The problem was diagnosed as a bad approach to project management itself – it was necessary to introduce changes at the very foundation, i.e. at the stage of work planning. Back then (i.e. until the memorable trip to the mountains), the creation of software would be planned and carried out in the same way as, for example, building a house or putting a new yoghurt on the market. The schedule of work was drawn up, dividing the project into successive stages – without completing one, it was impossible to move to the next; costs were also estimated in advance and a specific budget was allocated; therefore, the customer had to communicate all the requirements beforehand, knowing that additional changes would introduce chaos and would be difficult to implement. Such an approach (the so-called Waterfall model) for projects with many variables, which are difficult to predict, simply did not work out.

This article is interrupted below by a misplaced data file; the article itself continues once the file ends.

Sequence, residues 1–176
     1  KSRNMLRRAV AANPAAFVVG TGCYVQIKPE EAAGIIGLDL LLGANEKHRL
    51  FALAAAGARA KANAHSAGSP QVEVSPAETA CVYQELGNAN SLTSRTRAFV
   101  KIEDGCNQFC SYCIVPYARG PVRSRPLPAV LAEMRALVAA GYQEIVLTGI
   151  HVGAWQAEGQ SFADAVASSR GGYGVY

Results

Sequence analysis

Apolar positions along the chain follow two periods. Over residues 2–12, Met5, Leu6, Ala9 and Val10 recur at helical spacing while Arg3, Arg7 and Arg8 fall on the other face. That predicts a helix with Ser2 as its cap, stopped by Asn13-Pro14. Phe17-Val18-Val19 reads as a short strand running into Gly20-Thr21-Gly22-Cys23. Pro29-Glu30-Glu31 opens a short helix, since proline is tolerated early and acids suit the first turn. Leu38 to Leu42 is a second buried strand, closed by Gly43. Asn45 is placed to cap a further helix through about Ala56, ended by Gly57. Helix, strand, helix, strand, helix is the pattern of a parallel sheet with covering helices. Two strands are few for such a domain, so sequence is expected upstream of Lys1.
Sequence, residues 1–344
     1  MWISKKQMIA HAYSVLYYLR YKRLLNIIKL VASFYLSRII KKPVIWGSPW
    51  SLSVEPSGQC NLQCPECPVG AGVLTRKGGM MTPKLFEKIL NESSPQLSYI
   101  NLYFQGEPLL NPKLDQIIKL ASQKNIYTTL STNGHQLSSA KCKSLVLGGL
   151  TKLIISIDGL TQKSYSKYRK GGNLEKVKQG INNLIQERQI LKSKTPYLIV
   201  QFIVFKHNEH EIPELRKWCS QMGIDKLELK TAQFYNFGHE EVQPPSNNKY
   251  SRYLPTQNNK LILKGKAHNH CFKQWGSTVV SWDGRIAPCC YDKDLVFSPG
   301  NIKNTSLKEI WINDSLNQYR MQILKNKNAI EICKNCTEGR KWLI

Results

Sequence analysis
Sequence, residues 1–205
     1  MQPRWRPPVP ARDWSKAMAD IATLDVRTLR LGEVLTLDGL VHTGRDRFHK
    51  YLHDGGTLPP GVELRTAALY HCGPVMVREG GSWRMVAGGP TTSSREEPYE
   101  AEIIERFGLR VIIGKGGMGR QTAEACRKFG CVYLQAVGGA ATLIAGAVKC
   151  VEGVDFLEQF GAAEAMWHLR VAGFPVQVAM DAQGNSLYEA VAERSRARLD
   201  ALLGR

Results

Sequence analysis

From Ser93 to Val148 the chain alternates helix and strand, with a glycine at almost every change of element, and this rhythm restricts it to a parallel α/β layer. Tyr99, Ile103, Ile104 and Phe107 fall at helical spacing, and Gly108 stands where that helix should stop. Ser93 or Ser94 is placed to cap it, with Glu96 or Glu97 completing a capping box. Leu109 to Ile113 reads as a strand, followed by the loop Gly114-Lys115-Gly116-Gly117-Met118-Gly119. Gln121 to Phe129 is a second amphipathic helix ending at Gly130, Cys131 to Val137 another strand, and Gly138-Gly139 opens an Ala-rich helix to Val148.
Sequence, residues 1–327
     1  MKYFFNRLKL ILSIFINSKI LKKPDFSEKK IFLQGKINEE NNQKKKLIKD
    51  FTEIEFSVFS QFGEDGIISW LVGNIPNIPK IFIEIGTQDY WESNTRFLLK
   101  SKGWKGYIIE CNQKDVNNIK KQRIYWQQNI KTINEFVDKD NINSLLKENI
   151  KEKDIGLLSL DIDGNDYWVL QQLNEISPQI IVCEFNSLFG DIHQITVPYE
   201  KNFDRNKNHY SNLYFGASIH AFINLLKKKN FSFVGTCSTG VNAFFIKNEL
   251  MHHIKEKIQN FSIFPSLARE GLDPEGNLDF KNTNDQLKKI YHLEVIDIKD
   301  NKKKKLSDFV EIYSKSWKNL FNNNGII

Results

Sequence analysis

February 2001 turned out to be a milestone leading to a change in the way development teams work. After turbulent discussions, 17 developers reached an agreement that resulted in the creation of the Manifesto for Agile Software Development, a list of 12 principles and the description of the general idea of an agile approach to managing programming projects.
Since then, almost 20 years have passed and a lot of content on agile has been created: publications, applications facilitating project management using this methodology, vlogs, podcasts, courses, training, certificates; the idea has been successfully implemented in many companies, facilitating the implementation of projects; its effectiveness and growing popularity are well presented, among others, by the data from the 2019 report:
*Initially, “agile” mainly referred to teams working on software creation and development and with time, the agile methodology was also implemented in other areas of the economy. An interesting example is the development process of the Gripen fighter plane by the Swedish company SAAB, conducted in accordance with agile principles:
See also: 6 Common misconceptions about Scrum methodology
New vs. Old. Agile vs. Waterfall